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The present paper discusses some special cases of gerunds in the attribute position. This phenomenon is rather exceptional, because gerunds usually are defined as being adverbs. Word class shift is generally ruled out for Turkic languages. As will be argued, there might be exceptions from this rule. In this context, constructions based on direct speech on the one hand and some going back to postverbials on the other seem especially interesting.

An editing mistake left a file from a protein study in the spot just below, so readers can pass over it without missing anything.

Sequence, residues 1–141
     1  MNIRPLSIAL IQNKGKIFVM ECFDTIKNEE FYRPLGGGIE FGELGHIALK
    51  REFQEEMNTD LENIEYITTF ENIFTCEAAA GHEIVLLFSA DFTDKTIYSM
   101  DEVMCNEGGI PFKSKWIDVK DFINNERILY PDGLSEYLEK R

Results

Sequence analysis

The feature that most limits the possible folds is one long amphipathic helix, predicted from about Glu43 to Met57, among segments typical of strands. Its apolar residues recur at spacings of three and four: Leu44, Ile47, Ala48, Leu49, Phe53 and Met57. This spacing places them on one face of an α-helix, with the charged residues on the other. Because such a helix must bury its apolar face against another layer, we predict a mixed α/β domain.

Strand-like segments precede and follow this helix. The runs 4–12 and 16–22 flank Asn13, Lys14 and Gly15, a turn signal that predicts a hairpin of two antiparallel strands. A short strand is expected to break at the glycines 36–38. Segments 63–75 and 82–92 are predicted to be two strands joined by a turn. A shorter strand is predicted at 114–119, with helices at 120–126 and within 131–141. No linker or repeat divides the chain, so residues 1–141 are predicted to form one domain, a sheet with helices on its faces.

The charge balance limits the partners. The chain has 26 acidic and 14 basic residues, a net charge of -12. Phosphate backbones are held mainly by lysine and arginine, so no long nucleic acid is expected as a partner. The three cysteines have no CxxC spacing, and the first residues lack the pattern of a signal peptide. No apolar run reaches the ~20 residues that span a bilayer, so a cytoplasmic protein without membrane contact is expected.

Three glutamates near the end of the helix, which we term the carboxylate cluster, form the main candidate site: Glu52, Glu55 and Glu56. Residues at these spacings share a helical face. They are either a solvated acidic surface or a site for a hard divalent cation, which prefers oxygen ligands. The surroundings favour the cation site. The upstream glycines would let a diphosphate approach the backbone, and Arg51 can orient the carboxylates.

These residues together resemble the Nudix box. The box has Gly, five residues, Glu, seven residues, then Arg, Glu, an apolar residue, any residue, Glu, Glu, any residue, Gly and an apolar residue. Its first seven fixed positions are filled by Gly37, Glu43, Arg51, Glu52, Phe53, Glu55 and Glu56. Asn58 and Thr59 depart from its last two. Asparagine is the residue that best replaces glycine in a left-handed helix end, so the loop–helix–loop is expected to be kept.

Ottoman documents that were to be sent to rulers or officials of other states often were accompanied by translations made by the Ottoman dragomans at the Porte. Some others were translated at the addressee’s court by interpreters engaged there. There also are some examples of translations of European documents into Ottoman Turkish. The authorship of many translations thus being known, individual habits and abilities can be associated to specific dragomans, whose names and biographies, education and careers have been established long ago. On the basis of several published pairs of originals and translations, the focus of the present article lies on the way the dragomans tackled the texts, the level of their fluency, the accuracy of their translations, and political implications of deliberate and/or accidental misinterpretations.